The triumphs of Siamese Dream though are the flip sides in the middle, the two-part centerpiece representing the absolute peak of the Smashing Pumpkins’ career. “Soma” and “Geek U.S.A.” are so phenomenal that I fear this entry could go long because I could write at such length about them. “Soma” – a sister in separation, a brother in breaking up, to the endpoint in “Silverfuck” – is quite simply the greatest piece of baroque Art Rock that Queen never recorded, as if ripped from the heart of A Night At The Opera. It is the royal son of “Bohemian Rhapsody”, but instead of choruses of Freddie Mercury swirling around you, it’s Billy Corgan’s guitar channeling Brian May better than anyone could hope for. His first solo is a silky marvel massaging your brain that then turns around and shoots you in the face with a shotgun; “The Hit” at the center of the song was what sold me on this album. An old friend explained to me that it was the kind of physical experience of sound that only happened live, in concert, and for a band to be able to capture it on an album was an incredible feat. And the song only escalates, climaxing with the second solo, one of the greatest pieces of lyrical guitar playing ever recorded, Corgan channeling his pain through the six strings, strangling the neck with all his might. Where “Soma” is feminine and gorgeous, “Geek U.S.A.” is masculine and aggressive. Beyond the serrated riffs, it contains Chamberlin’s best, among the greatest examples of Rock & Roll drumming I’ve ever encountered; it is his best playing on an album packed with what can be considered one of the best performances of all time. He moves so fast that by the end he has to stop for a moment just so Corgan, no slouch ripping yet another jaw-dropping solo, can catch up. Jimmy Chamberlin’s drums on “Geek U.S.A.” are like Jimi Hendrix playing guitar or John Coltrane playing saxophone. His sublime playing is almost hypnotizing in the way that he crams so many polyrhythms and varied styles into these five minutes, past the point where the drums merely guide the song, to where they are the central instrument dictating the melody. And it’s rapturous musical flashes like this that I guess would invite devotion the level of those girls I knew way back when. The Pumpkins had a less than stellar live reputation back in the day, but what I see on the videos below is a band, especially its frontman lost in the brutal bliss of the wall of noise he himself is creating. It's that passion that carries this album; I can say that the mind-blowing awe and immense satisfaction I get from listening to Siamese Dream lets me understand why anyone would have such faith in Billy Corgan and his band to begin with. In some ways – the ways which are majestic, the ways that make teenage girls scream – that’s a huge part of what Rock & Roll is about.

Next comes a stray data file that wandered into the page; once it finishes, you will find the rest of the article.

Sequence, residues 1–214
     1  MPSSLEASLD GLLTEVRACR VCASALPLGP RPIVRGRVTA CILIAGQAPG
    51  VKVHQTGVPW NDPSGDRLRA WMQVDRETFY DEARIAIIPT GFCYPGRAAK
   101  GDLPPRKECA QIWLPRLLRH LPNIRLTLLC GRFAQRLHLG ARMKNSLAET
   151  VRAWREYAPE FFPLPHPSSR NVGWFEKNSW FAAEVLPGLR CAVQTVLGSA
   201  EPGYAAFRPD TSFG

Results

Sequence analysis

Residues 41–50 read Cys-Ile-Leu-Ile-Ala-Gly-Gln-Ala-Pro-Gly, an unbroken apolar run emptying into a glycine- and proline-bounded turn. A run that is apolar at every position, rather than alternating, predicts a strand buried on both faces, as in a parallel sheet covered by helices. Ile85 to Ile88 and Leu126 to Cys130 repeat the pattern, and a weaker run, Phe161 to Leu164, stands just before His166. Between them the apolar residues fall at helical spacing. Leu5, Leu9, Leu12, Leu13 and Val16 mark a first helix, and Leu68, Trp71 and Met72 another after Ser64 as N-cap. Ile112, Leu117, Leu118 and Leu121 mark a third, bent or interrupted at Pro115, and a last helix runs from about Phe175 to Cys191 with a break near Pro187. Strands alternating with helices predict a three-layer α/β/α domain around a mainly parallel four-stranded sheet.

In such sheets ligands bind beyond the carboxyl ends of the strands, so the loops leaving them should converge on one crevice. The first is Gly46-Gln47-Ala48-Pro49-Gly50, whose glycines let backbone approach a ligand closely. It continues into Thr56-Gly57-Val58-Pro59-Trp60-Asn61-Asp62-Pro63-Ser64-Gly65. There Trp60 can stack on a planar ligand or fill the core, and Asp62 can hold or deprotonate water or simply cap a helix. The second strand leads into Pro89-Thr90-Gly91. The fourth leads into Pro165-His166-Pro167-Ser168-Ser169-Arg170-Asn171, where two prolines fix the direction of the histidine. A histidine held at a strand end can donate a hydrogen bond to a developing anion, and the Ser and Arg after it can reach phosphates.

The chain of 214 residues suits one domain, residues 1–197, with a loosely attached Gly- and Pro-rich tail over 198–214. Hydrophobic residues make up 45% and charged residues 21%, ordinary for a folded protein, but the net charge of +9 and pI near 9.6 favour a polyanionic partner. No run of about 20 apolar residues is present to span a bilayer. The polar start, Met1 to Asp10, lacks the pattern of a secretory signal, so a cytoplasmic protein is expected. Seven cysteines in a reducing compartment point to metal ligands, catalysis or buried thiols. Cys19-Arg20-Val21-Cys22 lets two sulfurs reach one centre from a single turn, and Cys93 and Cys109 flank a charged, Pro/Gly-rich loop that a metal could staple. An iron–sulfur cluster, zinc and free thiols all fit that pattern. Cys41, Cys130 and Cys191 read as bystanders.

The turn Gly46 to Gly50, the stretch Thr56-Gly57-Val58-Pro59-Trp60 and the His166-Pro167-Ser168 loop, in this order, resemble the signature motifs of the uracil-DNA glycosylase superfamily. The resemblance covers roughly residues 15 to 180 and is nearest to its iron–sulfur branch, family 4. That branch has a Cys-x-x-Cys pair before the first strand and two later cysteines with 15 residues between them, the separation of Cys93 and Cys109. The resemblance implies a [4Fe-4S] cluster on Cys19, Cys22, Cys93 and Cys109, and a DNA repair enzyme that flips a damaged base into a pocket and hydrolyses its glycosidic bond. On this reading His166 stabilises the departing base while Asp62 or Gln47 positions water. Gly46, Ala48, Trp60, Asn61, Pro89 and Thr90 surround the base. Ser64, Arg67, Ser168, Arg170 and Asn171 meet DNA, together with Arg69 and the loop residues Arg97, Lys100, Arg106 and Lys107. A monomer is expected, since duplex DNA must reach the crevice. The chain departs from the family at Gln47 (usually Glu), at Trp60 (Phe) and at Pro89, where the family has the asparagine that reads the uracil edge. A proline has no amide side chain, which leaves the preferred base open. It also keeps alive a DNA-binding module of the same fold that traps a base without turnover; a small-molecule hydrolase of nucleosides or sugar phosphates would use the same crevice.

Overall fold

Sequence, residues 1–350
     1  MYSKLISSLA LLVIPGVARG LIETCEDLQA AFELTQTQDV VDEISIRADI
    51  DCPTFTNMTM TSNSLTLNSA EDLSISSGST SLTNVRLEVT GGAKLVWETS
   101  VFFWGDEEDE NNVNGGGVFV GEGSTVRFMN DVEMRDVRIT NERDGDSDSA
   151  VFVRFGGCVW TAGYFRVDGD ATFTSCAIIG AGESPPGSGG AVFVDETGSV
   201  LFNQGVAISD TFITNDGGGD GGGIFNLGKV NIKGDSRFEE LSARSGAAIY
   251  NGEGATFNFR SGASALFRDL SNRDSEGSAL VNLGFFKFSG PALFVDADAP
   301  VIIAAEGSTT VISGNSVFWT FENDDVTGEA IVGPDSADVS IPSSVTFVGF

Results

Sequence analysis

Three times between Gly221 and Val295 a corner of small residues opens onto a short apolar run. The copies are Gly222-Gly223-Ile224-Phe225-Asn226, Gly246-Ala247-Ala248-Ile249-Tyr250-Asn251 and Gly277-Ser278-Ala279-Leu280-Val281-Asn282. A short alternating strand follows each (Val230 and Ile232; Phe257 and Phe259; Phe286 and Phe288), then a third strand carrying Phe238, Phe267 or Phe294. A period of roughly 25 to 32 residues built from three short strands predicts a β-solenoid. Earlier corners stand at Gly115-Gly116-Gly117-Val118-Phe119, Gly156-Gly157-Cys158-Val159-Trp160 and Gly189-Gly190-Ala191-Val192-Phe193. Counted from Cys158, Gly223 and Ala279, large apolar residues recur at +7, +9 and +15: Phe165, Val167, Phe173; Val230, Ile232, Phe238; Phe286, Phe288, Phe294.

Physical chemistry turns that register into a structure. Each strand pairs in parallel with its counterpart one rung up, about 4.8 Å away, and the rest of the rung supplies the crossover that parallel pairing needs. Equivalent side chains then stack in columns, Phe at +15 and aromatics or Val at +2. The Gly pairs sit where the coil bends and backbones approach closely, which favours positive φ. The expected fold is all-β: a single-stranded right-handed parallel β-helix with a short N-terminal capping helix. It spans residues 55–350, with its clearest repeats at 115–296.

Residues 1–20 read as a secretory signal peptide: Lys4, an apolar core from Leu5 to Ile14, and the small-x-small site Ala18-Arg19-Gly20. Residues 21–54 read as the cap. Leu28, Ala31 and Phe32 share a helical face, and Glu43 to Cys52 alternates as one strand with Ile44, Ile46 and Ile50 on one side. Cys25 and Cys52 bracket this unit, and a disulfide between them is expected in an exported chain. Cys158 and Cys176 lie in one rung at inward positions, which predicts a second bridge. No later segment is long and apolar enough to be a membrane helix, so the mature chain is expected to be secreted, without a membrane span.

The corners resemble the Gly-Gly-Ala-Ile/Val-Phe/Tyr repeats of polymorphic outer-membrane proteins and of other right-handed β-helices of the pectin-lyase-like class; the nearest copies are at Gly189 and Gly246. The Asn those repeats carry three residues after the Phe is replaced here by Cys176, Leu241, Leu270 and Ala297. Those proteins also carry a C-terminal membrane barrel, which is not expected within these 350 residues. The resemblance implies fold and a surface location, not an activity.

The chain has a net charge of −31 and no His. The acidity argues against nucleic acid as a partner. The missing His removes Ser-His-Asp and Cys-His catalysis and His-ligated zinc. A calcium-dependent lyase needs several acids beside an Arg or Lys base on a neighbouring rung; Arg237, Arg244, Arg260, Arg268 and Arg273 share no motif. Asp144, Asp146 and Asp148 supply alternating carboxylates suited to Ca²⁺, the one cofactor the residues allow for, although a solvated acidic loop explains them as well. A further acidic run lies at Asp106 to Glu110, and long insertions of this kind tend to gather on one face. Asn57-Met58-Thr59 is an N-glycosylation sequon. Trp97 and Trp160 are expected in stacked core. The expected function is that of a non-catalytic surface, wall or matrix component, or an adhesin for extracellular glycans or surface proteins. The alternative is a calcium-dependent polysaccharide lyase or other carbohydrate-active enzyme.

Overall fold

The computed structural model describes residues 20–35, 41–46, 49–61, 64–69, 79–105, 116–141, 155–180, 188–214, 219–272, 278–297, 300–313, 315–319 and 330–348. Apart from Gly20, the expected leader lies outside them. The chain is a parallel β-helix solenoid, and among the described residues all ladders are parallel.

01. “Cherub Rock”
08. “Geek U.S.A.”
12. “Sweet Sweet”
"Cherub Rock" [live on Saturday Night Live, 1993]
"Soma" [live in London, 1994]
"Geek USA" [live in Munich 09.03]
"Silverfuck" [live at the 1994 Pinkpop Festival]
- BONUS: "Cherub Rock" [live in Munich 09.03]
- BONUS: "Quiet" [live in Atlanta, 1993]
- BONUS: "Today" [video]
- BONUS: "Today" [live in Chicago, 1993]
- BONUS: "Today" [live on Saturday Night Live]
- BONUS: "Hummer" [live at the 1994 Pinkpop Festival]
- BONUS: "Rocket" [video]
- BONUS: "Disarm" [video]
- BONUS: "Disarm" [heavy version - live at the 1994 VMA's]
- BONUS: "Geek U.S.A." [live, 1993]
the infamous clown clip, included on the Greatest Hits DVD
- BONUS: "Mayonaise" [live, 1993]
- BONUS: "Mayonaise" [live & acoustic in London, 1993]
- BONUS: "Spaceboy" [live in Chicago, 08.93]
- BONUS: "Silverfuck" [live in Chicago, 07.92]
- BONUS: "Sweet Sweet" [live, 1992]
- BONUS: "Luna" [live, 1993]
- BONUS: "Luna" [audio]